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These Bartenders Are Perfecting the Art of the Low-Alcohol Cocktail

Cocktail slingers are embracing the once-dreaded Type 41 liquor license and doing something creative with it.


Uma Casa’s Nora Furst mixes the low-alcohol Unbearable Lightness of Bing.

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Uma Casa's Unbearable Lightness of Bing.

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Surveying her bar, made up of an eclectic selection of fortified wines and aperitifs, Nora Furst sighs. “I’m like a chef who’s been forced to cook vegan food,” she says. When Furst partnered with chef Antelmo Faria to open Uma Casa in Noe Valley, they dreamed of a fully stocked bar. But when they realized they couldn’t front the $250,000 needed for a full liquor license, they decided to stick with a beer-and-wine, or Type 41, license, which doesn’t allow the sale of most distilled spirits. It was, by definition, a restrictive choice. “But the restrictions have actually made me more creative,” Furst says.

Similar stories play out in cash-strapped restaurants all over San Francisco, where low-alcohol-by-volume cocktails have, to a certain extent, simply become the norm. After five years of working as the bar manager of La Folie, Jason Alonzo opened the tiny Hawaiian restaurant ‘āina in Dogpatch last year. He couldn’t afford to have a full bar, either. “Now I think more about flavor instead of just focusing on something like gin or rum,” Alonzo says. For one low-ABV brunch cocktail, he created a fantastical boozy strawberry float infused with sarsaparilla and lemongrass, spiked with Byrrh and Cocchi Americano (both wine-based aperitifs), and topped with a molasses-ginger whipped cream. Furst, who ran the bar programs at Lolinda and Delarosa, tends toward simple cocktails that are delicate and sophisticated. She does savory nicely—as with the Bamboo, made with Dolin dry vermouth, fino and amontillado sherries, lemon oil, and olives—and keeps her sweeter cocktails well-balanced.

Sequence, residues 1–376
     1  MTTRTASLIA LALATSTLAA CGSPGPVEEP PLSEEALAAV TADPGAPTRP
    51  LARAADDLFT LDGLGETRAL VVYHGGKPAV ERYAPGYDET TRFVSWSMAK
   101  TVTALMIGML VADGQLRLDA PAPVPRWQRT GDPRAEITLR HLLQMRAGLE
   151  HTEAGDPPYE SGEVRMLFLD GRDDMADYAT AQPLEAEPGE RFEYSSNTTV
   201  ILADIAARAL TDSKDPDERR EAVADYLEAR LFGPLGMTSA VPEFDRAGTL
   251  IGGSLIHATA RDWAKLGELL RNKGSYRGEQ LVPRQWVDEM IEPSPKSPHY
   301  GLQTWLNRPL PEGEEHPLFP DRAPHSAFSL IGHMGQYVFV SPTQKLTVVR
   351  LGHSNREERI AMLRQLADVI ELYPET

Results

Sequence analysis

These cocktails are of course less boozy, which is refreshing in both taste and trend—particularly following on the heels of the Mustachioed Cocktail Era, when every bartender wielded an ice pick and a bottle of something brown and 80 proof. “I’m not saying we’re going back to appletinis, though,” Furst says. “We’re actually creating a new experience.” An added bonus? Not only do these drinks play more nicely with food, but imbibing a couple of them won’t have you on the floor before dessert.


Originally published in the July issue of San Francisco

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